Many BP nodes were down on July 8th, because the default setting of “chain-state-db-size-mb” is 1GB, and this is the moment when the EOS database has reached this limit. This parameter specifies the amount of virtual, disk-backed shared memory, that is used by
nodeos daemon at its runtime, and if the database exceeds this limit, the node crashes.
At the start,
nodeos creates a sparse file that represents its virtual memory, and the size is as specified in “chain-state-db-size-mb”. “du” and “df” utilities show the actual usage on the file system, so the sparse file will be shown as occupying a very little place.
Once you realize that the available database memory is scarce, you can stop the daemon, increase the DB size setting, and start again. As long as the daemon stops and starts gracefully, this operation is safe.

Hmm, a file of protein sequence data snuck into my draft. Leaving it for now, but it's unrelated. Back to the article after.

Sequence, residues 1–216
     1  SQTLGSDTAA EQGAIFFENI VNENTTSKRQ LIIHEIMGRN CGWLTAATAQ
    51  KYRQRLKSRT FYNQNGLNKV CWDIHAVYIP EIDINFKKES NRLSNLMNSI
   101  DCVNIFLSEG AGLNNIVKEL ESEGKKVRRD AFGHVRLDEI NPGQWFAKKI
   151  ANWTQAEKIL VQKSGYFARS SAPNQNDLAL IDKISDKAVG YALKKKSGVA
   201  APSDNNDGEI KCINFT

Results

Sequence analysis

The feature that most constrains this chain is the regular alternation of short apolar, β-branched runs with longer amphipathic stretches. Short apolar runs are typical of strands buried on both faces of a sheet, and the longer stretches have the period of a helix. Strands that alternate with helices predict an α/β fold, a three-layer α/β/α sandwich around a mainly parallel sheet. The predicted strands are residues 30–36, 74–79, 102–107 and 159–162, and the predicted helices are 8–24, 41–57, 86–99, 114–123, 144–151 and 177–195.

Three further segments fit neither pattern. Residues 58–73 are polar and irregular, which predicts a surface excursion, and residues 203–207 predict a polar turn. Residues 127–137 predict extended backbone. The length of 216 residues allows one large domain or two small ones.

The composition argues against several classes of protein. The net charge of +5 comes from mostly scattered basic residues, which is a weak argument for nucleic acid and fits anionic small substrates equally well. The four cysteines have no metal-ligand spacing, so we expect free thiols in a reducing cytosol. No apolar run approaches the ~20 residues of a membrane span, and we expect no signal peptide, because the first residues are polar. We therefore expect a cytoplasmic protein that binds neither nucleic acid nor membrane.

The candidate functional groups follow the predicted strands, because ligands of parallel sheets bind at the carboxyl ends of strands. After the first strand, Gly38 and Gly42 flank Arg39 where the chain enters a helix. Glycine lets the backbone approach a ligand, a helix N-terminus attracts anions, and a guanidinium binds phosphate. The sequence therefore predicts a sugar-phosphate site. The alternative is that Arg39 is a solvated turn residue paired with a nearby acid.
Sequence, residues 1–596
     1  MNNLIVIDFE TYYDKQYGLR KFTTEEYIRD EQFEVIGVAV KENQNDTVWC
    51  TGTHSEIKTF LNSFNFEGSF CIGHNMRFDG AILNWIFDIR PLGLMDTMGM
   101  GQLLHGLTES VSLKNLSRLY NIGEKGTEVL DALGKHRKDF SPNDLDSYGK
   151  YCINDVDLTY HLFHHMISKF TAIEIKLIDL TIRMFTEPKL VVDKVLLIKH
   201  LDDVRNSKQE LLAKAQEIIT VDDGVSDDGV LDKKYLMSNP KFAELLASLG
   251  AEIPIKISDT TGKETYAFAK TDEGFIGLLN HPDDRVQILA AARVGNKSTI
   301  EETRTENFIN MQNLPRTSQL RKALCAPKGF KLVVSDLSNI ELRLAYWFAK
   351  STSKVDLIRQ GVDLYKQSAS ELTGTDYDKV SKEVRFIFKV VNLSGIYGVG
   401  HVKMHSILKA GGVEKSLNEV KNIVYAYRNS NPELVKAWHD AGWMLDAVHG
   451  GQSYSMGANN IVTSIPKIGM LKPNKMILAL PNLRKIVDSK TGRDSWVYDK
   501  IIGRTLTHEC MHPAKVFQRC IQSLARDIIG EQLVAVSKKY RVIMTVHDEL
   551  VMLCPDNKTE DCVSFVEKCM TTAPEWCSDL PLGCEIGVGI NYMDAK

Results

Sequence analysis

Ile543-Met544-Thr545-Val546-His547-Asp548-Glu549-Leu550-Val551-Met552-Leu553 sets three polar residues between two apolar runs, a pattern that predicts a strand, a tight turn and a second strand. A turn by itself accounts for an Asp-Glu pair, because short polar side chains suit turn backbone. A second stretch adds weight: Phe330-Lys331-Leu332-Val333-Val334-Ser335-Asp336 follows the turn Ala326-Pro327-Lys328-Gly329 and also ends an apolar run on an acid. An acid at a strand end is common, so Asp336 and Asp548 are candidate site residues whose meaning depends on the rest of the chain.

Not all utilities understand sparse files, and
scp will produce a dense file on the target system if you make a copy.
nodeoscrashes, it leaves the memory database in a dirty state, and a full replay of the blockchain is required. This may take up to a half a day or longer for the server to re-build its state database.
The best approach for running a production EOS server, is to have a second server in the background, stop it periodically and make a backup of its database. In this case, should the production node crash, you can quickly restore its database from the snapshot, and it will quickly re-sync with the network, as the backlog would only be worth few hours.
Also there’s an RPC plugin that reports the actual memory usage:
plugin = eosio::db_size_api_plugin
With this plugin, you get the total database memory, current use, and free amount:
curl http://127.0.0.1:8888/v1/db_size/get | json_pp -json_opt canonical,pretty | less
The production nodes need to be monitored periodically for memory usage, and the administrators should be alerted should the memory consumption get above 80%.